Paper Mario: Color Splash

Paper Mario: Color Splash is one of the Wii U's last major releases of the year, and by all accounts it should be cause for some real excitement among fans. It's the latest entry in a series that's filled with humour, character, charm and amazing environments, with an interesting new paint mechanic to keep things fresh. Our time with it so far has been remarkably enjoyable, with memorable scenarios that had us grinning from ear to ear on more than a few occasions; yet for many curious readers this preview really only needs to answer one question. "Is it just another Sticker Star?

Ever since its announcement during a Nintendo Direct earlier this year, longtime fans of the Paper Mario series have been vocalizing their distaste for Color Splash as a simplified follow-on from controversial 3DS title Paper Mario: Sticker Star. The removal of many traditional RPG elements from that entry wasn't exactly a popular choice, and the perception was that Color Splash would carry on this trend by simplifying the experience even further. While this isn't entirely the case, after several hours with the game it's fair to say that this is indeed far more of an adventure title than a full-on RPG. That being said, it's certainly an adventure that's worth getting excited about.

The game opens up on a stormy night, as hooded figures approach Mario's house with a mysterious scrap of paper. In a series of rapid revelations, Princess Peach removes her cloak to show that the blank sheet was once a Toad; now drained of colour and bearing a strange post mark from a place called Prism Island. Upon arrival, this supposed tourist destination - a fashionable alternative to Isle Delfino perhaps - appears to be virtually deserted, with strange patches of pure white blotted all over the landscape. As you explore, a gruesome epidemic unfurls as Shy Guys prowl the streets with straws, draining the environment and its inhabitants of colour. Thankfully the island has a contingency plan in place for just such an occasion - a chatty paint can named Huey!


This moment introduces the game's central mechanic, which unsurprisingly is paint. This stuff is essentially the lifeblood of the entire island, and can be found absolutely everywhere. It was obvious from early footage that repainting the world would be a large part of the game, but paint actually fuels nearly everything you do in Color Splash. Huey, once wrung out from his 3D shape and left as a papery shadow of his former self - don't think about it too much, trust us - grants you the ability to splash paint all over the world using your hammer. Press 'X' and Mario will give a normal swing, but hitting 'B' instead allows you to leave a bright splatter of paint and bring colour back to the world. You can do this at any time, leaving some pleasingly messy multicoloured splats all over. Even in other areas without the white splotches, your own paint will still drip over cliff edges, spread out and cover the ground with every swing, with the effect remaining for much longer than we would have anticipated. It's actually a really cathartic source of childish fun to run around covering the place in rainbow splotches, Splatoon-style.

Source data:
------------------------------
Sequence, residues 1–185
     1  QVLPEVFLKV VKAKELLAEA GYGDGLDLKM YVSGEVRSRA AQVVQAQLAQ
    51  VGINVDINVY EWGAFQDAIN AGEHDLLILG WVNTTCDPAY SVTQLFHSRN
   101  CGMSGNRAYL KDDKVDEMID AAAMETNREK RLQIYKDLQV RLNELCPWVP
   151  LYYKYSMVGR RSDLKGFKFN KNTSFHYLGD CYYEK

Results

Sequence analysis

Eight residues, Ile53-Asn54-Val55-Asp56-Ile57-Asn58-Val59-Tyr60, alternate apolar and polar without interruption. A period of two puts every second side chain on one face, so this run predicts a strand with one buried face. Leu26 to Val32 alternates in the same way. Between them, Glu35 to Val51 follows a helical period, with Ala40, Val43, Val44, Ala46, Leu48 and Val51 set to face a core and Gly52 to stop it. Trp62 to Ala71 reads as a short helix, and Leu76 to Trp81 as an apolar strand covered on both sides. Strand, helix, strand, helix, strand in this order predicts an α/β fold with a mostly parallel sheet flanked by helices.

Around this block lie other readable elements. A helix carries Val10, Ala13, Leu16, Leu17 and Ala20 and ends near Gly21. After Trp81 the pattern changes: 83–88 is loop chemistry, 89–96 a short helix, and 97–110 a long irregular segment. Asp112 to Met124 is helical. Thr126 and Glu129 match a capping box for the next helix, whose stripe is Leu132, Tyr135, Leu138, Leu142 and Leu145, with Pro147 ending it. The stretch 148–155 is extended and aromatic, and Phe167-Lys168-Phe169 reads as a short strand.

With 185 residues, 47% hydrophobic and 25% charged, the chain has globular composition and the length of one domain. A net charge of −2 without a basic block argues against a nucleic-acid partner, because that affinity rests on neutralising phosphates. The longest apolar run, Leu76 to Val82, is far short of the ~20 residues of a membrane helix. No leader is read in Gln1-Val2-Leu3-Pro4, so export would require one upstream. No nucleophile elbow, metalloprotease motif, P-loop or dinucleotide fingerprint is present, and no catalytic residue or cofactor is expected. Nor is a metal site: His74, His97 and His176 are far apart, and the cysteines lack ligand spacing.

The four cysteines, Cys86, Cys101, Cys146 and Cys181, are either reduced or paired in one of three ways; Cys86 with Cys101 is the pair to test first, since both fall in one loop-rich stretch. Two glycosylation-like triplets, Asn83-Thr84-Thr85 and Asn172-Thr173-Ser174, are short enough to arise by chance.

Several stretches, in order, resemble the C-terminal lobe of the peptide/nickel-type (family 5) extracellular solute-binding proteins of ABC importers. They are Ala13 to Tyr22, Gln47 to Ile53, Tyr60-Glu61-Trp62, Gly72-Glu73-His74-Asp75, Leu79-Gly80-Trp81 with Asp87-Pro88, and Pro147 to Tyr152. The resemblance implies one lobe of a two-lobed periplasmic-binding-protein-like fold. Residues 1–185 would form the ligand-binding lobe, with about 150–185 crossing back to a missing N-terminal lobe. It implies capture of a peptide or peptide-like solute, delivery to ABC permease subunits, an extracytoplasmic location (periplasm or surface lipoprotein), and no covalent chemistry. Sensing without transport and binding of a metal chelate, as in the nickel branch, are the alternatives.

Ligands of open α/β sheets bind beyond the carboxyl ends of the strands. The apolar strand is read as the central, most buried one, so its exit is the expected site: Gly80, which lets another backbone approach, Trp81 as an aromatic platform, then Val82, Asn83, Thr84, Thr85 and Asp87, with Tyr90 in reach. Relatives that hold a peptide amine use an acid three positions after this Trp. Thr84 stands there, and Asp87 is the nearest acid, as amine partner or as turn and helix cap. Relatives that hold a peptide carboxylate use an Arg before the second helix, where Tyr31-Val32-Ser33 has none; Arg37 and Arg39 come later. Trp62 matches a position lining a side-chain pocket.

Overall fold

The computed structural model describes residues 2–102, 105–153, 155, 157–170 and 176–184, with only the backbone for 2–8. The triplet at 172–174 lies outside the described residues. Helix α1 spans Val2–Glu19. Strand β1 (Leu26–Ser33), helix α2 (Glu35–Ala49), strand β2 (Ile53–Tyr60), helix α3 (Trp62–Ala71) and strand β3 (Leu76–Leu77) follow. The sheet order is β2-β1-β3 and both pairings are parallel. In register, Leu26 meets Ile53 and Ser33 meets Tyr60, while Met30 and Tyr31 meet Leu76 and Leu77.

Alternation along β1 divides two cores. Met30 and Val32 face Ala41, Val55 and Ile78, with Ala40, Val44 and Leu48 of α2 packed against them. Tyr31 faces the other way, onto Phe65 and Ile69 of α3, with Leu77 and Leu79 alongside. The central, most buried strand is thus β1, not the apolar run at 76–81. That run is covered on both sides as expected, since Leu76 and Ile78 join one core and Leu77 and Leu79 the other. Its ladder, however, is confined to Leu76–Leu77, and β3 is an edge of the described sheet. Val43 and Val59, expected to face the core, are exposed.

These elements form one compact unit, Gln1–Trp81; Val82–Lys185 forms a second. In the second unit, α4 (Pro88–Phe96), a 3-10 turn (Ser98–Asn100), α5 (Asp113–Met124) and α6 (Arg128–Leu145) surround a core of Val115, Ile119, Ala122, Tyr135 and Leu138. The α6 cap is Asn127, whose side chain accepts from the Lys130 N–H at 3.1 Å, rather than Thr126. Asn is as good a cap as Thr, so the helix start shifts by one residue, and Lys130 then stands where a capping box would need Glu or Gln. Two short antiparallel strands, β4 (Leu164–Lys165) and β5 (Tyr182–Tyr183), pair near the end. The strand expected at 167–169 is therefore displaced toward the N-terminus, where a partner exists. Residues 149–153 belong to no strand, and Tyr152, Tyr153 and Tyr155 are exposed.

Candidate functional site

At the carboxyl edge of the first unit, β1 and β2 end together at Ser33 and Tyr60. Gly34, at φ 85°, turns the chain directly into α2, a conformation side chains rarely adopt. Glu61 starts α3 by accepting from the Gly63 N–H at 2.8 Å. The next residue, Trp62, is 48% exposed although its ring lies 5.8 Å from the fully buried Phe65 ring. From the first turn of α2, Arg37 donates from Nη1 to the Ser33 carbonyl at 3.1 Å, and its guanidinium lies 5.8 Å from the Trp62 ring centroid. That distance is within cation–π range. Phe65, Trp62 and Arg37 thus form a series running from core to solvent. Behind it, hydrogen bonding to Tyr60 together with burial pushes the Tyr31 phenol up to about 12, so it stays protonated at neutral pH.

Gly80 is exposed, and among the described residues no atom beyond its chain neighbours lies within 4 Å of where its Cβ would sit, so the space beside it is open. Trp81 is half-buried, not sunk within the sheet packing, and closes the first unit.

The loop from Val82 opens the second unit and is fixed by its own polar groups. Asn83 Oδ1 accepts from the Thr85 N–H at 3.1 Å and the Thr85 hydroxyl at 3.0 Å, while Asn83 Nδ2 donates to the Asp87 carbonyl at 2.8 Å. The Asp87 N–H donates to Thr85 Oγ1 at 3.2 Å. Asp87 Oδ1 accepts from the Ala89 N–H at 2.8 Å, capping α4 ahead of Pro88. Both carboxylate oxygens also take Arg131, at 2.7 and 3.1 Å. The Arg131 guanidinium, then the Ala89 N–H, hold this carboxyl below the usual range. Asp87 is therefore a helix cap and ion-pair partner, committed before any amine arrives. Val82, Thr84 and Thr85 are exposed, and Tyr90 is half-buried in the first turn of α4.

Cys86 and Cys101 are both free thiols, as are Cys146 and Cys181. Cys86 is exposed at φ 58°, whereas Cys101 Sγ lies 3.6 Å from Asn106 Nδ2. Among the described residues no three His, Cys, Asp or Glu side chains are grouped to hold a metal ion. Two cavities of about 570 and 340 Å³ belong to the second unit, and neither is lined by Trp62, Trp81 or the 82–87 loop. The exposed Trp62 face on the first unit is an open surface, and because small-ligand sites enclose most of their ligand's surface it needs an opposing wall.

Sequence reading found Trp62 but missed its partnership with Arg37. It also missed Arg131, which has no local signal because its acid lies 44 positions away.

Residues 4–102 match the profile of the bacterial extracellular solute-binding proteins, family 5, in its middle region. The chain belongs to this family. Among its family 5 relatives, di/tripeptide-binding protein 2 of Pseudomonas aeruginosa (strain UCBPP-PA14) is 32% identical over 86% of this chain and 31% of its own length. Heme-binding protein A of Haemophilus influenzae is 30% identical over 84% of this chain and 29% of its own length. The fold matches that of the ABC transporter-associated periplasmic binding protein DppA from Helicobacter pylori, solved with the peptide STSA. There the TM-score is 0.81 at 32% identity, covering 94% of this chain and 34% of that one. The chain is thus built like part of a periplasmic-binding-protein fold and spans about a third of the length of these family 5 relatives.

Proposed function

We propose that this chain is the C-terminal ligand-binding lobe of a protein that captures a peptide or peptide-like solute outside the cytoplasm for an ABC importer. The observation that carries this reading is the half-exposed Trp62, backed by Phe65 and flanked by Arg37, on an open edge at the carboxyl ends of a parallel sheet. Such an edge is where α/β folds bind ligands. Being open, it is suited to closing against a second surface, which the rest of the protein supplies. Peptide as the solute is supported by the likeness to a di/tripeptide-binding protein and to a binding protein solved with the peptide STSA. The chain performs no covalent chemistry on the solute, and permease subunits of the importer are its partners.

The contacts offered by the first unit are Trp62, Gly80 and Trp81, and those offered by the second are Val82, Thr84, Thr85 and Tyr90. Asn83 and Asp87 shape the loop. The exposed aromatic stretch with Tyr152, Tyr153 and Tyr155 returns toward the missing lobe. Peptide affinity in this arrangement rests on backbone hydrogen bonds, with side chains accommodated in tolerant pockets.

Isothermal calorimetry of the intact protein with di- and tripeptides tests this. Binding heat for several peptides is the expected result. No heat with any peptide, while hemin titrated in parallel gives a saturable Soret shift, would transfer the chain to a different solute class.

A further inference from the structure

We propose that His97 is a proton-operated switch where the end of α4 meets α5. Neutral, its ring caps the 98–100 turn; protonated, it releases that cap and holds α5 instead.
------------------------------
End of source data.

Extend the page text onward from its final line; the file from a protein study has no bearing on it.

Paint is also a very important resource; it's intrinsically tied to the game's combat system which this time revolves around a deck of attack cards. It's still turn-based, and although you can initially only play one card at a time we later had this upgraded to two cards per turn. The symbols on cards designate the type of attack, usually either a jump or hammer, and also how many attacks you get with that one card. We've seen up to five attacks per card so far, and there's a lot of potential to mix this up with a choice of healing, special attacks and a variety of standard moves per turn - all depending on the card you have in your deck. Most importantly, cards are essentially useless unless you power them up with paint, and you can choose how much to pump into each card separately. Leaving them blank will do the very minimum amount of damage, and this increases exponentially until you fully colour them in. While we haven't had much difficulty with enemy encounters so far, we're intrigued to see if paint really becomes a truly vital resource to designate between cards later in the game. The building blocks of something unique are there, and with the usual set of action commands to pull off in order to get the most out of your attacks as well, there's lots to take into account with combat.


This combination of saving up paint, as well as knowing when to use more powerful cards at the right time, is a kind of replacement for the FP and special attacks of previous games. Paint becomes a universal resource, even tying into the game's experience system. Defeating enemies will drop hammer medals of different value, and gathering these will fill a meter that upgrades the amount of paint you can store in total. More paint means more attacks and stronger cards, so it's an important stat to level up. This places more importance on combat, encouraging you to engage rather than avoid enemies. Levelling up also lets you defeat enemies immediately if you're strong enough, similar to RPGs like EarthBound. We love this, as it clears out weaker enemies like Goombas without all the fuss. There should always be an incentive to enter combat, and thankfully Color Splash seems to be making an effort to bring this motivation back to the player.